ORDER REGARDING STIPULATION FOR IN CAMERA REVIEW
ELIZABETH D. LAPORTE, Chief Magistrate Judge.
The Court is in receipt of the parties' Stipulation Regarding In Camera Inspection of Documents Withheld By Plaintiff on Claims of Privilege as well as a folder of documents lodged with chambers on April 30, 2013. See Dkt. # 118. The parties agree that the Court should conduct an in camera inspection of this subset of documents listed on Plaintiff's privilege log, and they will then use the Court's guidance and evaluation to the remainder of the documents withheld. Id . They also state that they are willing, if requested by the Court, to provide a short letter brief to provide the Court with any necessary factual information or legal argument. Id.
The Court agrees to conduct an in camera review of the documents lodged by Plaintiff on April 30, 2013, which the Court presumes are the same as those listed in the parties' stipulation. However, further information is needed before the Court can make a determination on whether the documents should be ordered produced, and/or provide more general guidance on Plaintiff's withholding of other documents based on similar claims of privilege. By no later than May 8, 2013, the parties shall file a letter brief of no more than six pages (four pages allocated to Plaintiff and two pages allocated to Defendant) explaining their respective positions on the issues identified below.
Specifically, Plaintiff withholds many documents on the basis of "attorney/client" and "work product" privileges. Given that Plaintiff is proceeding pro se in this action and appears to have been previously unrepresented by counsel in prior administrative proceedings, Plaintiff must explain her factual and legal basis for asserting these claims of privilege. Apparently, Plaintiff's former co-worker Ann Williams is a member of the state bar, so Plaintiff may believe that emails sent to or from Ms. Williams are privileged by the attorney-client privilege or work product protected. However, the fact that a person is a lawyer does not make all communication with that person privileged. See U.S. v. Martin , 278 F.3d 988, 999 (9th Cir. 2002); United States v. Bauer , 132 F.3d 504, 507 (9th Cir.1997) (party asserting attorney-client privilege must establish attorney-client relationship and the privileged nature of the communication). Additionally, even if Plaintiff and Ms. Williams had an attorney-client relationship, third-parties were copied on some of the communications in question, raising the issue of waiver of any applicable privilege. Plaintiff must address each of these points in her portion of the letter brief.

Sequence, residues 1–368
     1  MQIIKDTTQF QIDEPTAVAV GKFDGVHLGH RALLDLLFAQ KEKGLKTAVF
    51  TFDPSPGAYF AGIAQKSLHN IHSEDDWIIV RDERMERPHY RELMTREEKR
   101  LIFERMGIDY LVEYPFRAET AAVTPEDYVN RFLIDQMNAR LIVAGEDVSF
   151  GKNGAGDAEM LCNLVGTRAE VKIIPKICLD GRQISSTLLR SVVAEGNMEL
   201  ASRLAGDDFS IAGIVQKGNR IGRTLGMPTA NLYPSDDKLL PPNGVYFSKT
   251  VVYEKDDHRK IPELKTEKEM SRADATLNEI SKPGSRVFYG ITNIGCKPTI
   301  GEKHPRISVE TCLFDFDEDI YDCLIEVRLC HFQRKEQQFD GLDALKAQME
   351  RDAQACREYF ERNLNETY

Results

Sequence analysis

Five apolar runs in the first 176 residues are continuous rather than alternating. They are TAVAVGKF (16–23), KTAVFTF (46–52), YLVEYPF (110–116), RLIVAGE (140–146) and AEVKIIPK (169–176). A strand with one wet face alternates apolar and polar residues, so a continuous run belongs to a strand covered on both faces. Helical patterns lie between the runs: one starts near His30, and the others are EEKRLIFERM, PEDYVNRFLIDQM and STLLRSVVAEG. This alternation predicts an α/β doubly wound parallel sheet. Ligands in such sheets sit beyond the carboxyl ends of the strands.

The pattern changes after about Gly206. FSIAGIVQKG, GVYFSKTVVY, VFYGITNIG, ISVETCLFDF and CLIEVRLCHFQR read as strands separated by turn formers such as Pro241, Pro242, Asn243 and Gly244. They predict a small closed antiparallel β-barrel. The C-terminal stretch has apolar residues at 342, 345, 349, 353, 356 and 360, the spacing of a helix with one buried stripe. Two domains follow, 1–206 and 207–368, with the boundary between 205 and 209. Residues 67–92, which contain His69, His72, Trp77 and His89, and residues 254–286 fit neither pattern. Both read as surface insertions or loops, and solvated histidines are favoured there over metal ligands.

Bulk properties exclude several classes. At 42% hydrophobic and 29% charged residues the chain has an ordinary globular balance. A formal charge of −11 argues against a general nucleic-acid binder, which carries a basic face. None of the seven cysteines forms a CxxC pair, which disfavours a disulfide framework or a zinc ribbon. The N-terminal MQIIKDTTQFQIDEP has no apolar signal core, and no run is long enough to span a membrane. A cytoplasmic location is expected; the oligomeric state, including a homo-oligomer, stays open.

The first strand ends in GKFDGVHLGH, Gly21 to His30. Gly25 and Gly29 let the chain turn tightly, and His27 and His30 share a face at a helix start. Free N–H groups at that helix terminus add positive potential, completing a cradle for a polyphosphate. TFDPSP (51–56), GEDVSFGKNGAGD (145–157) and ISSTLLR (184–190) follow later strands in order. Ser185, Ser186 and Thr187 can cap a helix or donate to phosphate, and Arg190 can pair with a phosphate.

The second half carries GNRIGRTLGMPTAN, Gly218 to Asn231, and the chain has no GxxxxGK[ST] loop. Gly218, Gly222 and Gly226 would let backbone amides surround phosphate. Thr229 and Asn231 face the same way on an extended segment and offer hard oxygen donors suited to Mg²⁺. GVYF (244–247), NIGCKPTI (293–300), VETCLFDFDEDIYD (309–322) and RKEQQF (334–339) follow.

Plaintiff withholds other documents on the basis of a "common interest" privilege but has provided no explanation of what she means by this. Generally, the joint-defense privilege, or common interest rule, is an extension of the attorney-client privilege. Walker v. Financial Corp. of America , 828 F.2d 579, 583 n.7 (9th Cir. 1987). Typically, the attorney-client privilege will be deemed waived when the content of an otherwise privileged communication is disclosed to a third party or when communication occurs within the presence of a third party. The joint-defense privilege is an exception to the waiver rule. U.S. v Stepney , 246 F.Supp.2d 1069, 1075 (N.D. Cal. 2003) ("The joint defense privilege was adopted as an exception to this waiver rule, under which communications between a client and his lawyer remain protected by the attorney-client privilege when disclosed to co-defendants or their counsel for purposes of a common defense.") The joint defense doctrine presupposes the existence of an otherwise valid privilege. See In re Grand Jury Subpoenas , 902 F.2d 244, 249 (4th Cir. 1990). The burden for claiming the joint-defense privilege is on Plaintiff, who must demonstrate that: (1) the communications were made in the course of a ...